Gratitude > Generosity > Joy
Jan 24, 2016
Key 12 to reclaiming joy: Be generous in sharing with others.
Since October I have worked my way through the Apostle Paul’s letter to the church at Philippi, examining 12 keys to moving from grief to joy. These keys are not simply principles. Paul provides an order—a road map—for moving from discouragement to joy. His letter opens with his gratitude to the Philippians for their generosity to him, and the letter closes in the same way: Paul has everything he needs in his prison cell in Rome because of the sacrificial gift the church sent him.
I learned very early in my journey through widowhood that gratitude is essential to my maintaining a positive outlook. By taking time every day to make a mental list of all I had to be thankful for and to pause to say thank you, God, for… I was able to begin my climb up that mountain from grief to joy. Furthermore, I discovered that I was happier when I quit focusing on my own needs and started focusing on others. I have written a lot about gratitude and thanksgiving, less on generosity; and it is time to connect the dots between the two.
My writing on grief and widowhood has been largely experiential, at times almost stream-of-consciousness. I waited until the third draft of my book to read, research and analyze others’ work on the subject. Only recently did I learn that there is now a “science” of gratitude—the stylish new trend in self-help literature, with all sorts of promised benefits. When I googled gratitude generosity, I got 12.3 million hits. Most major publications chimed in. Here are a few:
- Small Acts of Generosity and the Neuroscience of Gratitude, by Christopher Bergland
- A Season of Generosity and Gratitude, by Walter Brueggemann
- Happiness = Gratitude + Generosity + Sincerity, by Shawn Parr
- The Generosity of Gratitude, by Nancy Rappaport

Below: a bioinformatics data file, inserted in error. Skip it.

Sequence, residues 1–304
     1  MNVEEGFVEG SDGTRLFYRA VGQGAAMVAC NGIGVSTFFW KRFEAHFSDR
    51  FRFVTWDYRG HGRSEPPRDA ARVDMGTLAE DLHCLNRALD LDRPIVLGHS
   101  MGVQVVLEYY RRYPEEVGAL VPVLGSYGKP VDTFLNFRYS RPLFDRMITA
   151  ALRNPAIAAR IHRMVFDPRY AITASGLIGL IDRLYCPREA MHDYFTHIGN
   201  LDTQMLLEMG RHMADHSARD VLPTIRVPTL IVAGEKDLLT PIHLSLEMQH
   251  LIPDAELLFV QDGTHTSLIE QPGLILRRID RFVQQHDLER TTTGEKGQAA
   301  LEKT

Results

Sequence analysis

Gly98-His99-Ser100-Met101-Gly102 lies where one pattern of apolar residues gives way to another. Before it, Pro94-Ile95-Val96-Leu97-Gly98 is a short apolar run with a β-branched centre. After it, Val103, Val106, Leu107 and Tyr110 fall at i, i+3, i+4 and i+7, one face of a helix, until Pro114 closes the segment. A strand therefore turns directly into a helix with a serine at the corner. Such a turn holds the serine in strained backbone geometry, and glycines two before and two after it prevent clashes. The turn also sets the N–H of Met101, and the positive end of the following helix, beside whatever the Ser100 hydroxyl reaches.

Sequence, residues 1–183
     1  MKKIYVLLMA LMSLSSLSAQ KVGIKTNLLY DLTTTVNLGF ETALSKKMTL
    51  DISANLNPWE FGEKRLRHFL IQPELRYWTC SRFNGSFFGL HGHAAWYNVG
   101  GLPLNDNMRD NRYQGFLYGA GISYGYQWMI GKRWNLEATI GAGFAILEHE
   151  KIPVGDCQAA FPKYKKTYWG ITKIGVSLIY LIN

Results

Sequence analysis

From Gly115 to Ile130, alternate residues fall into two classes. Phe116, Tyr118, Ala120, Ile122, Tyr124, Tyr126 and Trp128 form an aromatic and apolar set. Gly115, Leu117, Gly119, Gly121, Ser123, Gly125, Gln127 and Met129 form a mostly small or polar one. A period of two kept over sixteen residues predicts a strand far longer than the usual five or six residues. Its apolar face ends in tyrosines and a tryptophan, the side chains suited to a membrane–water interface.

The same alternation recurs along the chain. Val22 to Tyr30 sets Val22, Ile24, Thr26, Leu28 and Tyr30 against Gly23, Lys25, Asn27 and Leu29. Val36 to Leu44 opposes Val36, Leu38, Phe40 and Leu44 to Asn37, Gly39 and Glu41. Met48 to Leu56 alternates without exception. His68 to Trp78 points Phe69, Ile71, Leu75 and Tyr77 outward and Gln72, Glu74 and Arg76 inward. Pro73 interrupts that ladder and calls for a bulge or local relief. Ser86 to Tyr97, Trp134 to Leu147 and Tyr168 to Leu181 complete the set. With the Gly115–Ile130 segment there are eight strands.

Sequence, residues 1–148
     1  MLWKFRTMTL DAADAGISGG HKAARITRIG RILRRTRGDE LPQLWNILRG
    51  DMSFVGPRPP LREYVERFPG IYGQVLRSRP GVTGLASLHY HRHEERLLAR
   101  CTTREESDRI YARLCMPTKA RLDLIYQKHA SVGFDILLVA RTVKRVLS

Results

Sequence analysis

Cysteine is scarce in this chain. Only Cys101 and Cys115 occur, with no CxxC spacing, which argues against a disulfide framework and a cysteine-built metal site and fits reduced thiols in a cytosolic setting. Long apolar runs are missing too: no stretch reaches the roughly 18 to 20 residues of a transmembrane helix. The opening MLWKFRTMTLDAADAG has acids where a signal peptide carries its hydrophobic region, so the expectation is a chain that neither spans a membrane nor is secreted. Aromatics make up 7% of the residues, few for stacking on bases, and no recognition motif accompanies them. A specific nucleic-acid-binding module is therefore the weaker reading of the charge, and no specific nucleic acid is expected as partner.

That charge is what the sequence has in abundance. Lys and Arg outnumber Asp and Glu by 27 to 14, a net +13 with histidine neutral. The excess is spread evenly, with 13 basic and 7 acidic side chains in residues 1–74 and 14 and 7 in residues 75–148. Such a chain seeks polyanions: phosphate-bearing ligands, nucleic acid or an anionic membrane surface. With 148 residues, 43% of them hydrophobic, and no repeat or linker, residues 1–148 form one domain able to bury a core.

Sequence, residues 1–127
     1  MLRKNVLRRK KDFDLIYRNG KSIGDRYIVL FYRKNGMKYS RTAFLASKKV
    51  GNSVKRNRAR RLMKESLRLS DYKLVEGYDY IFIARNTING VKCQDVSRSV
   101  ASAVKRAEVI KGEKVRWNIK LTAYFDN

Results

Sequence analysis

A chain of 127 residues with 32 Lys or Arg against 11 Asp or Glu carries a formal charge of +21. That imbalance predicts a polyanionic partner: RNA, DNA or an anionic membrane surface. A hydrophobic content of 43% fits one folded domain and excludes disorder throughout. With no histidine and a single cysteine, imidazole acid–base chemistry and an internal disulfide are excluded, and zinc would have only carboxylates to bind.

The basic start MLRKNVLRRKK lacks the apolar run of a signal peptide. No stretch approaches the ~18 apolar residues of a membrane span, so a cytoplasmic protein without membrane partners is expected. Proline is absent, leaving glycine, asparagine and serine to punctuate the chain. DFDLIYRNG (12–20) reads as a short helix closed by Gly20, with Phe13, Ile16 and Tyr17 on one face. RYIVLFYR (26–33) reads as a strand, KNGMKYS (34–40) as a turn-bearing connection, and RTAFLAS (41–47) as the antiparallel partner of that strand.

- Experts Say Gratitude Generates the Generosity Needed for Sustained Giving, by Lori Fogelman and Jeff Brumley
While there is wide agreement that gratitude leads to generosity—people who focus on what they don’t have tend not to be generous—The New York Times recently sounded a cautionary note in an article entitled The Selfish Side of Gratitude, by Barbara Ehrenreich.
Is it truly gratitude when the giving is done in order to receive benefits? Paul called the Philippians’ generosity a sacrifice. Jesus preached about it:
When therefore you give alms, do not sound a trumpet before you, as the hypocrites do in the synagogues and in the streets, that they may be honored by men. Truly I say to you, they have their reward in full. But when you give alms, do not let your left hand know what your right hand is doing that your alms may be in secret; and your Father who sees in secret will repay you. Matthew 6:2–4 NASB
Let’s continue the conversation
What do you think?
Do you find a connection between gratitude and happiness? between gratitude and generosity?
You may respond in the comment box below, by email or on Facebook or Twitter.
I have finally completed my series on keys to reclaiming joy. My goal is to go back to that original list, which I published on May 18, and add links to each of the blogs. I will also attempt to turn the 12 featured memes into a slideshow. Watch for these posts later in the month. My next weekly series will be on six aspects of grief—intellectual, emotional, physical, spiritual, social and financial. I may post additional, less serious blogs from time to time; but I need to focus on final book revisions, updating my query letter, building my platform and finding an agent. Meanwhile, you can find me daily on Facebook, Twitter and Pinterest. Just click on the appropriate button in the right sidebar to follow me.